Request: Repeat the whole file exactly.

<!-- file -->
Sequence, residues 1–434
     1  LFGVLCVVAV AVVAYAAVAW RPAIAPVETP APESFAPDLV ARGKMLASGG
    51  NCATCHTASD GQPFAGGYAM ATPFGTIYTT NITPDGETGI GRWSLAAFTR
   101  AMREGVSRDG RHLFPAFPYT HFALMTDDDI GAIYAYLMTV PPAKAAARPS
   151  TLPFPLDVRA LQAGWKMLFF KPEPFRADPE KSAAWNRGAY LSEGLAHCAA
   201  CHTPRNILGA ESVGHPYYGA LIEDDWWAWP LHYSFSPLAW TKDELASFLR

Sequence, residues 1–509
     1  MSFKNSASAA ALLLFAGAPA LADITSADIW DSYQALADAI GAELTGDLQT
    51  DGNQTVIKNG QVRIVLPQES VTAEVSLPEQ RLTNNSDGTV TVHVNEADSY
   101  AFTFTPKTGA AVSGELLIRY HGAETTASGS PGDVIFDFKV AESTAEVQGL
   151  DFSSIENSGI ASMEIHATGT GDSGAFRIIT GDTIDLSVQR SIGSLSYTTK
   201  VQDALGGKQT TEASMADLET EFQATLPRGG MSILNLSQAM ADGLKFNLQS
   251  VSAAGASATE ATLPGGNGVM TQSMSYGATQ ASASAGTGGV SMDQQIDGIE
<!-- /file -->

Sequence, residues 1–434
     1  LFGVLCVVAV AVVAYAAVAW RPAIAPVETP APESFAPDLV ARGKMLASGG
    51  NCATCHTASD GQPFAGGYAM ATPFGTIYTT NITPDGETGI GRWSLAAFTR
   101  AMREGVSRDG RHLFPAFPYT HFALMTDDDI GAIYAYLMTV PPAKAAARPS
   151  TLPFPLDVRA LQAGWKMLFF KPEPFRADPE KSAAWNRGAY LSEGLAHCAA
   201  CHTPRNILGA ESVGHPYYGA LIEDDWWAWP LHYSFSPLAW TKDELASFLR

Sequence, residues 1–509
     1  MSFKNSASAA ALLLFAGAPA LADITSADIW DSYQALADAI GAELTGDLQT
    51  DGNQTVIKNG QVRIVLPQES VTAEVSLPEQ RLTNNSDGTV TVHVNEADSY
   101  AFTFTPKTGA AVSGELLIRY HGAETTASGS PGDVIFDFKV AESTAEVQGL
   151  DFSSIENSGI ASMEIHATGT GDSGAFRIIT GDTIDLSVQR SIGSLSYTTK
   201  VQDALGGKQT TEASMADLET EFQATLPRGG MSILNLSQAM ADGLKFNLQS
   251  VSAAGASATE ATLPGGNGVM TQSMSYGATQ ASASAGTGGV SMDQQIDGIE